Speak Slow and Succinctly, I’m a Millennial.

I read a very interesting post by Zack Whittaker about Millennials and how social media has impacted their communication styles a few weeks ago that I’m struggling to address. I’ve started to write this post about a hundred times, but now I’m just going for the gusto. Time to get off the proverbial fence and share my opinion.

Preface: I was born in 1983 so I’m a Millennial and some of the bad press we have gotten bothers me. When I saw Zack’s article I was happy to see  the primary portion of his article focuses on how social media has impacted the way we communicate.

One thing that is absolutely true is that texting and mediums like Twitter force us to whittle down to 140- or 160-character nuggets of wisdom, opinion, advice or humor. Seeing as OMG and LOL were added to the Oxford Dictionary this year, it’s hard to argue against the fact that these condensed forms communication haven’t changed the way we write and talk!

Zach also infers that young people actually read more often than some contend. And that’s certainly true. With the rise of gadgets like the Kindle, Nook and iPad people are more likely to read 3.3 times as many books. Americans in general are now more likely to read for pleasure than in years past.

My issue with this article was the suggestion that older people consider condensing written text into “shorter, easier-to-read fashion” as this may help get your point across in a “way that younger people will understand.” I don’t know about you – which is partially what inspired me to write this post, but I found this to be a bit demeaning to our generation.

  • A Decode study suggests that though we may be tech savvy, only a percentage (37% of men and 26% of women respectively) think employers should allow access to social media at work.
  • 50% of those 55-plus report using social media daily for business.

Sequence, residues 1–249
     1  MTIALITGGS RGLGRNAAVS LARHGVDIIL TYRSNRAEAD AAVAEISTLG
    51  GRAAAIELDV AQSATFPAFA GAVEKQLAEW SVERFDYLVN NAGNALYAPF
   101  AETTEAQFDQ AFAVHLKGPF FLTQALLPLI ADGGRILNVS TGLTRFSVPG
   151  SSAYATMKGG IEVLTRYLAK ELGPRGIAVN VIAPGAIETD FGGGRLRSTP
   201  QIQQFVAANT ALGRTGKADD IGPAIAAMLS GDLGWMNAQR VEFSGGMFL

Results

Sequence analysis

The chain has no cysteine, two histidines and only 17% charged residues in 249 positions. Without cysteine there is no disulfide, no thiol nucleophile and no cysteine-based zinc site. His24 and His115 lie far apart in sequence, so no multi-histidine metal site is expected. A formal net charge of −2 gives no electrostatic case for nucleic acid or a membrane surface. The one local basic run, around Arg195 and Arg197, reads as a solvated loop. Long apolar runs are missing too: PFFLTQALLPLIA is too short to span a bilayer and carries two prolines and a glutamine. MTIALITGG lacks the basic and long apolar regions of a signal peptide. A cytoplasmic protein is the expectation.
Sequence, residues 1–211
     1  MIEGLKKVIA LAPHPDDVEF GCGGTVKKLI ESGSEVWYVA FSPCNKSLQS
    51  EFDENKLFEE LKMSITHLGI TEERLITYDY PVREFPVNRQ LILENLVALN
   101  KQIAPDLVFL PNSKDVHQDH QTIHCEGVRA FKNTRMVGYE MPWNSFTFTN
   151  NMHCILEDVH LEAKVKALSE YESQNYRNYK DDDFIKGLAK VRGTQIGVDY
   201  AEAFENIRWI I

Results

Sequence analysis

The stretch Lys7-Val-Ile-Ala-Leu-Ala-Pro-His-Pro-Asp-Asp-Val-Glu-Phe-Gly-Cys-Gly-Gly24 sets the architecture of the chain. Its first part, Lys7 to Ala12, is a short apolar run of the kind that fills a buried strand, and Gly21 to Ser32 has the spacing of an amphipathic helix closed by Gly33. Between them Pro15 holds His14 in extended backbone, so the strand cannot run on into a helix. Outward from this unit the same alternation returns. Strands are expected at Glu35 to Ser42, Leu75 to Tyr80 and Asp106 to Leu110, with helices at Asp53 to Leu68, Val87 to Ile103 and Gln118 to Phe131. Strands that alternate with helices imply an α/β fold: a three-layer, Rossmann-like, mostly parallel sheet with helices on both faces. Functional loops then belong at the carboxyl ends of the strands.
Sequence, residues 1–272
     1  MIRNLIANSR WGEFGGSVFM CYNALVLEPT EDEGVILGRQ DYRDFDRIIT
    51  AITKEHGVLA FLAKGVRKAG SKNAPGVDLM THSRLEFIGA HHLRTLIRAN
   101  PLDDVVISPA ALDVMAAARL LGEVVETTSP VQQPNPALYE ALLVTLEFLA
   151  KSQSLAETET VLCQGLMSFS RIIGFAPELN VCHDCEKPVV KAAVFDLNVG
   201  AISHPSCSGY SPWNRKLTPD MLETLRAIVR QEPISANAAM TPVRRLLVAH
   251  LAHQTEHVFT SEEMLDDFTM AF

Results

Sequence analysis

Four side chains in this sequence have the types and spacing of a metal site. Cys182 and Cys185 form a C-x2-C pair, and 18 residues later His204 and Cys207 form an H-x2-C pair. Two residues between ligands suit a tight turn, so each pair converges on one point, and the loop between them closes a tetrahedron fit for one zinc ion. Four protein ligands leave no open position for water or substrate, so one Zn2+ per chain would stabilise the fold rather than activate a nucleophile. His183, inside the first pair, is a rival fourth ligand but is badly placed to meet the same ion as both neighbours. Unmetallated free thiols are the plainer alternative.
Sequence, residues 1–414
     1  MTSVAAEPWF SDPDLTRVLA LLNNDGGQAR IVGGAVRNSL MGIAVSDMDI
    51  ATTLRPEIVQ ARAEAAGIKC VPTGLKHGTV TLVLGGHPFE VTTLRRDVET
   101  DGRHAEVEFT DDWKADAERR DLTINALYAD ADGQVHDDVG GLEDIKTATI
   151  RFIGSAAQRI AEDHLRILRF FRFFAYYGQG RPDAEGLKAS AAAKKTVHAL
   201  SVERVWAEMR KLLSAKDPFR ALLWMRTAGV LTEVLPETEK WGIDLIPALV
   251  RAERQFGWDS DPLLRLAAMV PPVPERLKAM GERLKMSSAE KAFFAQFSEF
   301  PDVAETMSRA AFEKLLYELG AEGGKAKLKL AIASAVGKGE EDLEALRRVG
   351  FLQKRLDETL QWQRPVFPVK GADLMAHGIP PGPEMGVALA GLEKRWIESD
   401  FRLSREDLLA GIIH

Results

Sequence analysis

• The largest users of Facebook (37%) are those being 45 years or older.

Bottom line – social media use is prevalent in across all age groups. Just because Millennials happen to be some of the earliest adopters of technology, I don’t think this defines either how we communicate or  how people should communicate with us.

Generally speaking, I think that our transition into a digital society has made the rate and way we exchange with one another to be much more hurried and abbreviated. I do think that what Millennials look for is to be communicated with as adults and with respect.

Many of us are in the early stages of our respective careers and, though we may be determined, we may occasionally be a little over eager and mistakenly think that digital tools can answers all our questions. But I think that’s more of an occasional occurrence than a norm.

Speaking from both personal experience and statistical evidence, the biggest thing Millennials typically look for in bosses or elders is quite simply someone to mentor us. In my experience, people who mentored me through my career have been invaluable.

Zack – I respect your opinion and though there is certainly value in being concise, I don’t think talking to Millennials as though you were Tweeting them will come off as anything but condescending.

What do you all think? Do you manage Millennials – if so what’s your experience? Does Zack’s recommendation hold water? Am I just being too sensitive because I’m reflecting on my own generation? Let me know your thoughts.

Photo Credit: Hire Velocity